1: In the review by A. S. Kany, published in the Journal Herald (Dayton, Ohio, USA) of Wednesday 19th June 1957:

The best crack is when an English mother gives her daughter some moral asperin [sic] on her wedding night: “I know, my dear, it is disgusting, but just close your eyes and think of England!”

2: In the review by Charles Staff, published in The Indianapolis News (Indianapolis, Indiana, USA) of Saturday 14th September 1957:

Toothsome Ursula, on their marriage night, is comforted by her mother, the duchess, who says, “I know, my dear, it’s simply dreadful, but just close your eyes and think of England!”

In 1955, Leonard Lyons related a slightly different version of the story that he had first told in 1943—the earliest occurrence that I have found of this new version is from The Huntsville Times (Huntsville, Alabama, USA) of Friday 23rd December 1955:

ADVICE TO LOVELORN: Noel Coward 3 tells this story about Mrs. Stanley Baldwin, soon after her husband had moved from 10 Downing Street. Her daughter came to her for advice about a beau and asked what to do in case the young man should try to kiss her. “Do what I did,” replied Mrs. Baldwin. “Just close your eyes — and think of England.”

3 Noël Coward (1899-1973) was an English playwright, actor and composer.

Seven years later, Leonard Lyons told yet a different version of the story—the following, for example, is from The Pittsburgh Press (Pittsburgh, Pennsylvania, USA) of Wednesday 7th November 1962:

A noted Londoner, who has a growing daughter, was advised to counsel her about how to behave with a young man. He replied by quoting advice he heard Mrs. Stanley Baldwin give to her young daughter, who asked what to do if her escort wanted to kiss her. “Do what I did,” Mrs. Baldwin said to the girl. “Just close your eyes and think of England.”

Two years later, Leonard Lyons mentioned Noël Coward again—the following, for example, is from the Philadelphia Daily News (Philadelphia, Pennsylvania, USA) of Friday 19th December 1969:

Whenever Noel Coward is asked for advice on an affair of the heart, he quotes what Mrs. Stanley Baldwin told him. The Prime Minister’s widow has a daughter, who asked what she should do if her beau that night should try to kiss her. “Do what I did,” Mrs. Baldwin counseled the girl. “Close your eyes, and think of England.”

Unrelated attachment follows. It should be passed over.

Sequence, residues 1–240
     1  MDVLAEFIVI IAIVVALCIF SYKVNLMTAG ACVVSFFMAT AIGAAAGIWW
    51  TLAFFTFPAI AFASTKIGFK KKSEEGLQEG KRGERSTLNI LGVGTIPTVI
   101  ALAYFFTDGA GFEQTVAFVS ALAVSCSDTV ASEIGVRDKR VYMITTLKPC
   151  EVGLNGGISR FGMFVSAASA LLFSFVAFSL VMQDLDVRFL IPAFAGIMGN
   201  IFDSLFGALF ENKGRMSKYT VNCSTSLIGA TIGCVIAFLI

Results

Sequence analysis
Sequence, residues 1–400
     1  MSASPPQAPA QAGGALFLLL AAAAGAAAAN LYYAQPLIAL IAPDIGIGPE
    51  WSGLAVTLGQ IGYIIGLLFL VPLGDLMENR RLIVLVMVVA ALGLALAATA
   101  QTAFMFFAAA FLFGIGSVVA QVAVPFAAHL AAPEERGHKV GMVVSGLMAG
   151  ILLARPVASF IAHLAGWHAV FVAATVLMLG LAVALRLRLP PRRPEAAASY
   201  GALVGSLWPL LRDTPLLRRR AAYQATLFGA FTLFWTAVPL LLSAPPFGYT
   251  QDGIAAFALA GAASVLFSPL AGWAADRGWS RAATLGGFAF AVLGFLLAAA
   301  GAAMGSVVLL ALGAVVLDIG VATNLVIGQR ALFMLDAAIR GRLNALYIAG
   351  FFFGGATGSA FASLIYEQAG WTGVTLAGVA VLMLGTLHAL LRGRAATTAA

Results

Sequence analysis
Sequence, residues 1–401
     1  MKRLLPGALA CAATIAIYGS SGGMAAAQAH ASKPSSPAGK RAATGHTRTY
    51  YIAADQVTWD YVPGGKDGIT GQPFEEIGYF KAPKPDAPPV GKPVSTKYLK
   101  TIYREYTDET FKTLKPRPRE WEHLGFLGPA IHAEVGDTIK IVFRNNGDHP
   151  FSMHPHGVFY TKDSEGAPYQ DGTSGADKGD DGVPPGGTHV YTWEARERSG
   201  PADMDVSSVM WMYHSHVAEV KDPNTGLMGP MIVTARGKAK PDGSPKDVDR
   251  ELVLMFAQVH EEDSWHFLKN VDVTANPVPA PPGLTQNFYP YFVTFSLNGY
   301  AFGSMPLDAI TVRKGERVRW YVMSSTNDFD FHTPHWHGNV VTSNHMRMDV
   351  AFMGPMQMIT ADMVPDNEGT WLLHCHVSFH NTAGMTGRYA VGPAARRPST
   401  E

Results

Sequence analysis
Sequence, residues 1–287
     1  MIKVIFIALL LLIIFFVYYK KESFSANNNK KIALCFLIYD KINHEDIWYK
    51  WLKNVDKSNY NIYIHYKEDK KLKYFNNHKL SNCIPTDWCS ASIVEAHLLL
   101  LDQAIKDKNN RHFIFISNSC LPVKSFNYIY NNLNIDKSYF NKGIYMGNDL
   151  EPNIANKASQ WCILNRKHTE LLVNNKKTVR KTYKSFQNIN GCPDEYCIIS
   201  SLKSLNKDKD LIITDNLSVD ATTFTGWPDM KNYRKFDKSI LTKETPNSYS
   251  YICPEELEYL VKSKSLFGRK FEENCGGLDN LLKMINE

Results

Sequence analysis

In 1969, The Birmingham Post (Birmingham, Warwickshire, England) asked three European journalists for their views on Britain; on Wednesday 14th May 1969, Olof Petterlind, of Svenska Dagbladet, a newspaper published in Stockholm, Sweden, used the phrase, perhaps with implicit and humorous reference to its sexual acceptation:

[As] the owner of a British car for which spare parts have been missing to [sic] long—you wonder which strike is on now and which will be the next one?.
By now I have learned there must always be a strike somewhere in Britain, and when the car stops there is only one thing to do, count to ten, close your eyes and think of England.




It seems that it was only relatively recently—and with no satisfactory evidence—that the phrase came to be attributed to Victorian and Edwardian times.

In The Rise and Fall of the British Nanny (London: Hodder and Stoughton, 1972), by Jonathan Gathorne-Hardy, the epigraph to the chapter titled Class and Position of the Nanny—First Sexual Detour is the following quotation:

“I am happy now that Charles calls on my bedchamber less frequently than of old. As it is, I now endure but two calls a week and when I hear his steps outside my door I lie down on my bed, close my eyes, open my legs and think of England.”
                                                                                                  Lady Hillingham, Journal, 1912

However, this quotation may be apocryphal, as Jonathan Gathorne-Hardy himself suspected:

Victorian times continue until 1914. One finds as many mentions in Edwardian literature to the chastity, the holy purity of upper class women, indeed to their active abhorrence of sex, as one does in the nineteenth century. There was the passage I quoted from Lady Hillingham at the head of this chapter—“. . . close my eyes, open my legs and think of England”. The source for this quotation is a little suspect. The sentiment expressed is without question typical and accurate.

Likewise, William Davis significantly used the word “legendary” in this passage from Honeymoons: where the confetti trail leads, published in The Boston Globe (Boston, Massachusetts, USA) of Sunday 17th June 1973:

The classic Victorian mother was the legendary British lady whose parting pre-nuptial advice to her daughter was: “Close your eyes — and think of England.”